Ionic & Covlalent Bonding Activity

Ionic and Covalent Bonding (Public)

I recently used Tracy’s Bonding Basics 2010 Activity (link) with my 6th graders as a guided lesson. We spent one day on Ionic Bonds, and the second day on Covalent Bonds. Students worked in pairs and practiced making Lewis Structures, finding Oxidation numbers, identifying elements as either Metals or Non-Metals, and determining what each element would do when bonding with another element.

Instead of candy, I used pennies as electrons along with the element cut outs she provides on her website. This was a great hands-on activity to have students ‘see’ how the atoms bond together, and after a few slides, they were able to quickly determine how each element would bond.

Resources:

  • Ionic & Covalent Bonding: Google Slides (Public link)
  • Handout – I modified the handout for use with  my students (link)
  • Tracy’s lesson plan for this activity (link)
  • Tutorial on Lewis Structures video:
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Bond with a Classmate Activity

My 6th graders recently completed “Bond with a Classmate” from Tracy’s ScienceSpot website. I have used this activity successfully with both 5th and 6th grade science classes over the years. Here is the description form her website:

Bond with a Classmate (Gail Sanders, Monroe Middle School, Wheaton, IL)

In this activity from Gail Sanders, a member of the MidLevel Science Teachers group in Northern Illinois, students are given a tag (or necklace) to wear with the symbol of an ion and its oxidation number. Positive ions are green and the negative ions are blue. The students are instructed to “bond” with other ions and keep a record of their bonds. Students had to work with their bonding partner to agree on and write a formula and name for the compound they formed. Once that was done, they could break the bond and find a different ion with which to bond. After 5 bonds, students switch tags with another student and start bonding again.

Lesson Worksheets: Bond with a Classmate Cards (pdf) and Bond with a Classmate worksheet (pdf)

I have a modified  version of the student handout posted here (link pdf file). If you have a smaller group of students, I would suggest changing cards after 3 bonds. When a student has successfully made 3 bonds, they come up to my desk, I quickly check their bonds for correctness, and then give them an oppositely charged ion. For example, if a student is Mg +2, they would then receive Cl -1 and make 3 bonds with that new ion.

The version in the video posted above is a more challenging version of the activity, I would suggest 8th grade or higher. Bond with James – free lesson plan on TPT (link). You can also combine both set of cards.

I don’t use the yarn for this activity, the students carry the cards around with them and it is easier for them to place the cards on the table when they pair up so they can write down the formula and compound name more easily instead of looking down and upside down at their cards.

If you have used this activity, would love to hear how it worked with your students and if you have any other ideas to add to this lesson.

 

Making Molecular Models Activity

If doing this activity as a station, supply cards and materials for each formula.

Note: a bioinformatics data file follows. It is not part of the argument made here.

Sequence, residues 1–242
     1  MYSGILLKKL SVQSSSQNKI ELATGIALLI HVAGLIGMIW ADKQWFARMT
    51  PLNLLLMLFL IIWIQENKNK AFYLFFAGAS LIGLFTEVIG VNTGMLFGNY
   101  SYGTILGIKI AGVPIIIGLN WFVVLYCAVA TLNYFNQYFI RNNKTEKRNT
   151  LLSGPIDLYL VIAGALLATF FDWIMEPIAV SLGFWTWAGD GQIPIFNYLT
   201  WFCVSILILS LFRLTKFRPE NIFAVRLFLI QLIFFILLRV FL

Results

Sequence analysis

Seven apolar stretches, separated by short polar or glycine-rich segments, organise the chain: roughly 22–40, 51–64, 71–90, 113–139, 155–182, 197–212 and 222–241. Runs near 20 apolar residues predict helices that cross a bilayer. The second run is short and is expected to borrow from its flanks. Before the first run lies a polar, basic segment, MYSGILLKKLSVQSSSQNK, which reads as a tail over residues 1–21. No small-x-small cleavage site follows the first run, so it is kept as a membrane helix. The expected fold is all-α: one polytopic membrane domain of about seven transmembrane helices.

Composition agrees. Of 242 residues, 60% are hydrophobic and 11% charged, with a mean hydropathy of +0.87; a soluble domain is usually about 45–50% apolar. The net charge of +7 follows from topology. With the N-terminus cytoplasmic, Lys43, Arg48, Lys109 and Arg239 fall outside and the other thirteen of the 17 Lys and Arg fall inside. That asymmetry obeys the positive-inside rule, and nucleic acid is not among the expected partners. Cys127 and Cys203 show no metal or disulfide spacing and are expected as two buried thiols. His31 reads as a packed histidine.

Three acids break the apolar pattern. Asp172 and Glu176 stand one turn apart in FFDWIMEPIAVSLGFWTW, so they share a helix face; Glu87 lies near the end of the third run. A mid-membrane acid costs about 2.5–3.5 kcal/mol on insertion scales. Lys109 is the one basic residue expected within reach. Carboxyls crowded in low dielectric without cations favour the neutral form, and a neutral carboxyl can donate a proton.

If doing this activity as a station, supply cards and materials for each formula.

Materials:

  • Molecular Model Kits – 1 kit per group of 4 students
  • Student Handout – updated for 2015 (pdf)
  • Formula cards (pdf) – print, cut apart, laminate
    • 1 set per group of 4 students
  • colored pencils
  • periodic table

Procedure:

For this activity, students will practice reading formulas, counting atoms, building molecules, and identifying bond types. This activity can be used in several different ways.

Stations

Different stations can be set up around the classroom with 2-4 formulas per stations. Each station will have enough supplies to create the models indicated. Students will complete one station at a time, have their work spot checked for completion, and then proceed to an open station. Making duplicate stations helps prevent bottle necking at the stations that take longer to complete.

You can either do timed rotations or have students move freely when they are done. Some stations will be more difficult than others and extra time will be needed for students to complete those models. I like to have several “Make your Own” stations around the room to facilitate movement and give the students more time to explore model making.

Lab groups

Instead of stations, each lab group will have a complete set of formula cards and a molecular model kit. 4 students will share the materials and students can work with a partner or individually. The models can be completed in any order, this helps free up the materials so that not all students are waiting to use the Carbon or Sodium atoms.

Matching Game

If there are students who finish early, they can check their answers by matching the model images with the formulas using the answer cards (see below). Or they can create games with a partner using the cards.

Samples of Formula Cards and Answers

Answer Key is provided. These cards can also be used to play a matching game or as review cards.
Answer Key is provided. These cards can also be used to play a matching game or as review cards.

Free Task Card Templates provided by: Rebecca Bishop at TPT (link) ~ thank you!

Answers:

  • Some of the molecules have both Ionic and Covalent bonds and are indicated on the cards
  • One molecule has a double bond – CO2
  • One molecule has a triple bond – N2
  • Metals are: Sodium, Potassium, Magnesium
  • Non-Metals are: Hydrogen, Chlorine, Oxygen, Carbon, Nitrogen

Be sure to see my Chemistry page (link) for more lessons related to atoms and bonding.